Tuesday, February 17, 2015
"Pictures at an Exhibition" by Emerson, Lake and Palmer (November, 1971)
ELP's take on Modest Mussorgsky's Pictures at an Exhibition demonstrates simultaneously everything that was right and wrong with progressive rock in 1971.
On the one hand, the band brilliantly pulls off their attempt to show that a well-known classical piece can be performed live by a rock band, and adapted to fit that genre. The musicianship shown on this album is amazing, and the creativity to arrange, adapt, and conform the piece is undeniable. The original classical piece remains not only recognizable but more or less intact, and the original bits that are added, such as the lovely Greg Lake piece, "The Sage," fit in nicely.
On the other hand, the album is a pretty good example of why the "pretentious" label is often applied to prog rock. Taking an orchestral piece and converting it to (often) keyboard, bass, and drums is a ballsy move, a prime example of the audacious self-important attitude of prog rock, and one that not all rock fans are going to appreciate. It undeniably exceeds the usual limits of both rock and roll music and the classical source. Whether that's a good or bad thing depends on the listener's preferences. Almost certainly, classical music aficionados will find this to be a sacrilege, even offensive, while rock fans will find moments of brilliance but will possibly be overwhelmed, even befuddled, by parts of the album.
Me, I like a good prog rock album now and then, and this is the first one I ever purchased. At the time, I thought it was a little weird and I wasn't sure what to think of a lot of it back when I got it. I appreciate it more now, but it has never become a favorite. I like ELP's more original Brain Salad Surgery a little better.
I think adapting a well-known classical piece makes this record sometimes feel more like a novelty record than it should. Case in point, the encore, "Nutrocker," an adaptation of "The Nutcracker" that feels tacked on. Sometimes I find humor that I'm not sure was intended. Or maybe it was. This is a highly creative, atmospheric, and brilliantly played adaptation. That they were able to pull it off live makes it even more incredible.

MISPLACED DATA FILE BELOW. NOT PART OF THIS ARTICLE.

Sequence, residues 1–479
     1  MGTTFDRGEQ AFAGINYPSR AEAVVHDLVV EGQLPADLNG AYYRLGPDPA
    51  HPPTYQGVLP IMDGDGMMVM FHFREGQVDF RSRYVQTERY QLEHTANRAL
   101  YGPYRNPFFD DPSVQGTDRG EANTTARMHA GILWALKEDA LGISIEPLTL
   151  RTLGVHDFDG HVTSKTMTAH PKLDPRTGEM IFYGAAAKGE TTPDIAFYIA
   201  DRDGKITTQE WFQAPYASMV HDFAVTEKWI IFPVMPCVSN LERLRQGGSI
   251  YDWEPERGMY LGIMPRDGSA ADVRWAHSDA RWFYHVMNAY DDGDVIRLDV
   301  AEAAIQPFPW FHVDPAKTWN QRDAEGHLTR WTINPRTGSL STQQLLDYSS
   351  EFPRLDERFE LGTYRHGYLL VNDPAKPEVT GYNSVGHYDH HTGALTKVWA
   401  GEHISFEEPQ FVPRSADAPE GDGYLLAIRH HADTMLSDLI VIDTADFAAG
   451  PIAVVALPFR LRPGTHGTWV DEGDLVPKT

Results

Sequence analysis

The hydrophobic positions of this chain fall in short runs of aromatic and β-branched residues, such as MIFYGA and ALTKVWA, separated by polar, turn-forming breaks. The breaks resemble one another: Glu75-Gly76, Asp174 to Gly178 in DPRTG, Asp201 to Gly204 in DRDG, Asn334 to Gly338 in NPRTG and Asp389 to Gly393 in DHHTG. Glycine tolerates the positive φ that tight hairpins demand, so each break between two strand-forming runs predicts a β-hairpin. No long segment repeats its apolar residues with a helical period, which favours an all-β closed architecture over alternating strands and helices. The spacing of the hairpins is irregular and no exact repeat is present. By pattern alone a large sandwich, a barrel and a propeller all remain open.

Actually, "incredible" is a pretty good word for it. The word means more than most think it does, and is kind of a double-edged sword. This album treads on both sides of that sword.
Overall, though, I like listening to this one now and then. Can't say I love it, though. I do love parts, but overall, it can sometimes be just a little too much of everything that it is.
This was not at all what I expected.
For whatever reason, I always assumed Emerson, Lake, and Palmer were just another 70s folk-rock band, judging by their album covers and by their band name. I thought they were basically a Crosby, Stills, and Nash-type band. I obviously never listened to them, until now.
As soon as I hit play, I threw all my prior assumptions out the window and just sat back to finally listen to them and give them their fair chance to prove to me what they actually are. I don't really know how to classify this band now. Classical rock from Mars?
When the songs on this album aren't super weird, they're super great. The whole thing is just completely strange and experimental, while still being very musical and accessible. It's weird as hell, and a bit too sci-fi for my taste, but somehow they make it work. It doesn't sound like they're just aliens banging around on synthesizers and organs. They're actually playing songs. That's the most impressive part about this album to me. It seems that experimental music from the 60s and 70s was more or less just noise to be noise. This isn't like that.
The only bad thing I have to say about this album is that the synthesizer sound they used on "The Old Castle" sounds way too similar to when you're getting your teeth cleaned at the dentist. My stress levels went very high during that song, as you can imagine.
All in all, Pictures at an Exhibition is so hard to explain. You just have to listen to it. And if you go in with an open mind, you'll probably come out of it like I did: totally confused by how much you actually enjoyed it.
This was not at all what I expected.
PS: I had no idea that this was actually an old classical piece until after I wrote my review so that kind of changes my perception of it a little bit. I mean, it's not all their own original music, but that's fine. It was still really enjoyable, even when it wasn't. It doesn't make sense to me either.